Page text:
Lately, I've been feeling a little guilty about all the spring-time pictures I've been posting. I know it's still the dead of winter in a lot of parts of the country. You can almost hear folks in the East Coast and the Midwest, audibly groan at the sight of yet another image of a blossoming tree, or plant pushing our of the ground. It continues to be an epic winter in many parts of the US, with temperatures that rival those of my childhood winters in the North. I'm sure if it's not the norm, it's that much harder to bear.
All aspirations to dig into the earth and go wild-crafting and frolicking aside, an early spring is not good for us either. Our farmer friends tell us that pests are out in record numbers, having survived the one light frost we had, and gone forth and multiplied. There's not a lot of snow in the mountains, which will seriously affect our states water supply. Of course, there is natural variation in weather, and really we only have a hundred year's worth of records in a lot of places, but even in the context that any year's weather can be somewhat unpredictable, these days it's safe to assume that man-made-climate-change has something to do with it.
It's not that the nice weather, or the early blossoms and nettles aren't wonderful, or even the predictions of what it all might mean for this coming growing season, but rather the unease one feels when something isn't right. I remember feeling it for the first time in my mid-twenties when I experienced my first snowless Christmas back home. Watching the ocean at Helsinki harbor, resolutely unfrozen, with just a thin film of sea-ice attempting the form by the shoreline, I felt like the whole world was suddenly altered. It was an unprecedented event in my lifetime, but what's more startling, is that since then it has become part of the norm. Whereas before you could be certain that the sea-ice was going to form, now it's different each winter.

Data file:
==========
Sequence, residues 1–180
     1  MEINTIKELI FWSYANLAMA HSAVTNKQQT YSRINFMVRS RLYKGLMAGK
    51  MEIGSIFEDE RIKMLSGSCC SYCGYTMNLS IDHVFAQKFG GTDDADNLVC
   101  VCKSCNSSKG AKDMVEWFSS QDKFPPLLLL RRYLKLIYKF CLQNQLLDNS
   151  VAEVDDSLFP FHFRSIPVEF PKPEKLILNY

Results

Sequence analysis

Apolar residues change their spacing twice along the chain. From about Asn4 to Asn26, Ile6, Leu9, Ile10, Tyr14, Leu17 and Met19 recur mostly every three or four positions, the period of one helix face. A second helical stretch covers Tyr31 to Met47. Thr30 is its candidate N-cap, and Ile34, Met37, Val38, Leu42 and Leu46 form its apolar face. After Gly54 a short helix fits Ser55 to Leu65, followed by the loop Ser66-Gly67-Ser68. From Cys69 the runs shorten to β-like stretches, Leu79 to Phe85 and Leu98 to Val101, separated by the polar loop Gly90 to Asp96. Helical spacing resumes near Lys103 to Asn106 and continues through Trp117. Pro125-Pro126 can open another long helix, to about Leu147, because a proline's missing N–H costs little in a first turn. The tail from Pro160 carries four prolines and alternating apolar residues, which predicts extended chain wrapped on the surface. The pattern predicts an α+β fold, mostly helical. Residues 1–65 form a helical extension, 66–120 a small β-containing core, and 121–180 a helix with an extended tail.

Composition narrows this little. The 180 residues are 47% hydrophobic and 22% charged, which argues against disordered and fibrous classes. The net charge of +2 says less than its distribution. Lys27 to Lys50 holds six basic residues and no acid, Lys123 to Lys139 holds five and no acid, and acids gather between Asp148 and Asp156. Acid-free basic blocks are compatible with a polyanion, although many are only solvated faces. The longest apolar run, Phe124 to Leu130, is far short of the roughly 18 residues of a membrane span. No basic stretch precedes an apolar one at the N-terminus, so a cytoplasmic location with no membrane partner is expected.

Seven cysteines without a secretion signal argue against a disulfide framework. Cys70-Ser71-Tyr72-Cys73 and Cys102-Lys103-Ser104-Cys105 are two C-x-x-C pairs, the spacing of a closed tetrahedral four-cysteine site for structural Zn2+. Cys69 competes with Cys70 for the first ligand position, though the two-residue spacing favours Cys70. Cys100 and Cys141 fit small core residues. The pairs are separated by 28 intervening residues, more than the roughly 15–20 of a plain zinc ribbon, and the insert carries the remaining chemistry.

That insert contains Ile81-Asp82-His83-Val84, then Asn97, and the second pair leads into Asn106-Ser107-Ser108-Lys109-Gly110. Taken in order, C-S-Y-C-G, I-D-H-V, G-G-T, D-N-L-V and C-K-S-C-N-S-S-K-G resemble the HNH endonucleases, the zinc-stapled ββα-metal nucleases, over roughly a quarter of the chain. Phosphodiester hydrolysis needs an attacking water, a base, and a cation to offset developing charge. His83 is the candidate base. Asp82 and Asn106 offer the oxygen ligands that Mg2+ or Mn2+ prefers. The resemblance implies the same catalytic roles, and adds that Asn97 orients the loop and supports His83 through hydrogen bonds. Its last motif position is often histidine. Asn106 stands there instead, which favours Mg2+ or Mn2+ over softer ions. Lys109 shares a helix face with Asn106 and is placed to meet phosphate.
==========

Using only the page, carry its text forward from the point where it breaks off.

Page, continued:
I don't have the same kind of frame of reference here, having only lived in the Pacific Northwest for six years. However, the feeling is the same. That there's something new afoot, that some balance has been shifted. It's a wholly uncomfortable feeling. It reminds me a little bit of those childhood fears of something living under your bed, or in your closet at night. You're pretty sure it's real, but your parents keep telling you it's not. You want to believe them, but deep down you're pretty sure something's coming to devour you. Well, except that in this case, one of your parents is telling you it's not real and the other one is telling you that it's enormous and it will come soon.
One way I try to deal with my uneasy feeling and my lack of knowledge about local climate and patterns, is keeping a nature journal. Simply writing down when certain seasonal landmark events happen each year makes me feel like I'm forming a pattern of my own. It's limited sure, but evidence nonetheless. I wish I could say I keep it neatly in a separate little book, but honestly, I just write down my observations of plants emerging, birds returning, mammals calving and lambing in my regular journal. A lot of my journal is observations of birds I see daily, anyway, so the migrants fit neatly into it. Sadly, I'm not methodical about it either, but it does offer me some perspective. Based on the four or so years I've been doing this the flowering of our trees is about a month early, except for one exceptionally warm february when the plum trees also blossomed in the end of february and then a cold front killed all the blooms.
That journal, leafing through it, gives me a sense of calm. Yes, I've picked nettles this early before. But not, the garden has not done this well for me through the winter in the past years, in any of the locations I've had it. Can I draw conclusions from these small observations? Absolutely not, but I feel good about making sure I'm not missing any great changes. I think it was Derrick Jensen that said that it was our duty was to bear witness in environmental changes and in bearing witness it would become impossible for us to be not feel like we had to act. It's a good first step, engaging with the seasons, seeing causalities and simply delighting in the first daffodil and the first turkey vulture. We can only grow to love our surroundings, our homes, our bio-regions more, the better we know them.
Do you keep a journal? Is your weather whacky right now?